Come January 2013, Dr. No will stop making House calls. Ron Paul made a surprise announcement yesterday that he would not run for reelection to his congressional seat this fall, focusing instead on his second Republican presidential campaign.
“I felt it was better that I concentrate on one election,” Paul told a local newspaper. “It’s about that time when I should change tactics.” In 1996, the same year Paul returned to Congress, Bob Dole was down in the polls and out of campaign cash. So the 35-year Capitol Hill veteran announced his resignation from the Senate.
“I will seek the presidency with nothing to fall back on but the judgment of the people of the United States and nowhere to go but the White House or home,” Dole said. Paul is given much less chance of reaching the White House than Dole. But unlike the former Senate majority leader, he isn’t out of money.
Why give up a safe House seat — and, at long last, a subcommittee chairmanship — to focus on a longshot presidential bid? To ask that question is to fundamentally misunderstand what makes Ron Paul different from other politicians.
Paul sees himself in large part as an educator, someone seeking to advance his particular brand of constitutional conservatism and right-wing libertarianism. For him, the House floor was a platform for talking about the Constitution, the gold standard, and Austrian economics. It was a place where he could rail against the Federal Reserve, speak out against foreign wars and fit currency, and quote Mises and Rothbard.
Now Paul has acquired a much larger platform. He gets to stand on the stage and debate presidential candidates pundits believe will be the next Republican nominee. In 2007, when he was stuck at 1 percent in the polls, he got to mix it up with Rudy Giuliani and John McCain. Paul is a much bigger presence than ever before. And wherever he goes, he now draws big, young crowds.
That doesn’t mean that winning votes isn’t important. Paul was elected to Congress three times as a non-incumbent. Brian Doherty, author of Radicals for Capitalism: A Freewheeling History of American Libertarianism, notes that this might be an unprecedented achievement. In the course of his twelve terms, he frequently trounced Democratic — and hawkish Republican — opponents.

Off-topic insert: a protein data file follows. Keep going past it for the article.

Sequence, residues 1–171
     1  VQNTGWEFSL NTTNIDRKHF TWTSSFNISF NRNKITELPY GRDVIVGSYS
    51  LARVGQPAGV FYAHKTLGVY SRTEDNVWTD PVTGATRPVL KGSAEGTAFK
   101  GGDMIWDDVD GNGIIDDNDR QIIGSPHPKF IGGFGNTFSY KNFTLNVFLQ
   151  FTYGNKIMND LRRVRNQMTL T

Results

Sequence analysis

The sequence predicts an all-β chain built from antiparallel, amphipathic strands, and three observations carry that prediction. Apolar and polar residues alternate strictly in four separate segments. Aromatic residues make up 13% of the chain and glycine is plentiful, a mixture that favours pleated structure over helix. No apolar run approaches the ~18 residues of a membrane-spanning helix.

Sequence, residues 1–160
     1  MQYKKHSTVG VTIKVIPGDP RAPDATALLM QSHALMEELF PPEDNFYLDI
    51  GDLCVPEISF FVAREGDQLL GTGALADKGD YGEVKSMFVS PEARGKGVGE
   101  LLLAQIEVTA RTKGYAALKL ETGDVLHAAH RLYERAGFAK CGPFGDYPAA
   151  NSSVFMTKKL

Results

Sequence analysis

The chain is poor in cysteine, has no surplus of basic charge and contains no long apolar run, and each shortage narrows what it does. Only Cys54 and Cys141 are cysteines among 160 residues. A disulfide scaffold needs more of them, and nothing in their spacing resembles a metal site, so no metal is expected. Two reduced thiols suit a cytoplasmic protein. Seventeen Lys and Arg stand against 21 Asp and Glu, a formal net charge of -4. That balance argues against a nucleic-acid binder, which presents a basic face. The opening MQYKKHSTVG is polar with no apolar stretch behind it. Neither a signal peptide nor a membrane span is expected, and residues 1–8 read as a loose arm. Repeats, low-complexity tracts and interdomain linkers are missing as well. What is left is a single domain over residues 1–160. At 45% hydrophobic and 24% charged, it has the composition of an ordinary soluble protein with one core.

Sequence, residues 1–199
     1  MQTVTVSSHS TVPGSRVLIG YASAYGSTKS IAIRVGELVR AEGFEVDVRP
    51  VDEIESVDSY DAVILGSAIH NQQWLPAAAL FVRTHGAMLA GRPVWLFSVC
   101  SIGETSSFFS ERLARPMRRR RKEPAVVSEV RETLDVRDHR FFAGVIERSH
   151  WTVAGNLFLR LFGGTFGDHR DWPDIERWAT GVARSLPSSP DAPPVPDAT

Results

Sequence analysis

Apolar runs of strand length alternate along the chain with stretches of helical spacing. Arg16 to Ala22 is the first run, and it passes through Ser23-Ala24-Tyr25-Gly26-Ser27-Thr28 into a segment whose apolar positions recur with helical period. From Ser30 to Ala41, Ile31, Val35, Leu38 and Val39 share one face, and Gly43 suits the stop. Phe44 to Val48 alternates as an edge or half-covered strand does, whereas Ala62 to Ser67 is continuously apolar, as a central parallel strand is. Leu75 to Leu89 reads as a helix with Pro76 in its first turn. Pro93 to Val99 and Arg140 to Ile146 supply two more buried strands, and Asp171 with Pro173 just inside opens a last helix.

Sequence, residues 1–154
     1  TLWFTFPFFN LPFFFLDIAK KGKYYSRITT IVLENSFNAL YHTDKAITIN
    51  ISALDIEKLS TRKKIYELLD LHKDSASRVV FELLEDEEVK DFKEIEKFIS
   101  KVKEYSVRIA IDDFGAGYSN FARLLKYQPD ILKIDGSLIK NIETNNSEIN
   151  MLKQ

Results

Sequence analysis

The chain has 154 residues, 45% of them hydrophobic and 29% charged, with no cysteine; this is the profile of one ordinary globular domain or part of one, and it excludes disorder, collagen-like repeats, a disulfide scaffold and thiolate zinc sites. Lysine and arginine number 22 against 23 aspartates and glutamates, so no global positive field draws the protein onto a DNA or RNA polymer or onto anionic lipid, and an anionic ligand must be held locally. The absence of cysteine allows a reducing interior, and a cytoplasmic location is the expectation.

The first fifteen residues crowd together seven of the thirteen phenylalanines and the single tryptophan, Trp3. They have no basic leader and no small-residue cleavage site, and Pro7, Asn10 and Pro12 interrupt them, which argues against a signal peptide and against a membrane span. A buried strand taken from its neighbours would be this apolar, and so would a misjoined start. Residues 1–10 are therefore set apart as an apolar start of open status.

Paul campaign insiders believe they have an opportunity to make a statement in the 2012 presidential race. The issues environment, with its focus on debt and government growth rather than war and peace, is more favorable. The field is weaker. Paul’s son Rand recently demonstrated that Paulite arguments can be framed in a way that appeals to a broader range of Republicans.
Currently, Paul appears to be a (distant) second in fundraising behind presumptive frontrunner Mitt Romney. Polls show him as high as third place in both New Hampshire and Iowa, with national surveys frequently finding him ahead of Tim Pawlenty and Jon Hunstman, two of the media’s favorite serious candidates. He’s not exactly keeping Romney or fellow Texan Rick Perry awake at night. But Paul has more support than four years ago.
But there is nothing inevitable about a much improved performance once the voting starts. Before Michele Bachmann got into the race, Paul was increasingly inching into the double digits in national polls. Since she began gaining traction, Paul has slipped back below 10 percent. Bachmann also knocked Paul out of second place in New Hampshire.
To take it to the next level, Paul supporters believe they need to fix four mistakes from the previous campaign. Last time around, had impressive Internet “money bombs” but he raised the money too late to make much difference in the early states. So this time, they are front-loading their fundraising.
In 2008, Paul’s campaign was amateurish and disorganized. Phone calls from reporters went unanswered. Schedules were published late if at all. There was no discernible strategy. Three years later, things are more polished. The campaign sends out regular press releases and even opposition research on the other candidates. There seems to be more planning.
There has definitely been a concerted effort to channel the grassroots supporters’ energy into something more productive than alienating the supporters of other Republican presidential candidates. It’s still a work in progress — there was noticeable bad blood between the Paul backers and everyone else at both CPAC and the Republican Leadership Conference — but it is a major problem from 2008 they are trying to correct.
Finally, the Paul camp realizes that there needs to be more attention to the nuts and bolts of campaigning. This is especially true in the early states, where contenders not named Romney are going to have to do well to sustain any kind of momentum. It is hard to stay dedicated to the campaign trail if you are constantly running back to Washington to cast votes, except for sojourns to college campuses to talk about the Fed.
By abandoning his House seat, Paul hopes to put all his money, attention, and personnel into the presidential race. That frees up time, resources, and staff for campaigning. Even if they fall short, they figure they can gain a wider audience for Paul’s message and mint new Ron Paul Republicans. Maybe they can even help elect like-minded candidates to join Rand Paul and Justin Amash in Congress.
When it comes to spreading the message, the Doctor is always in.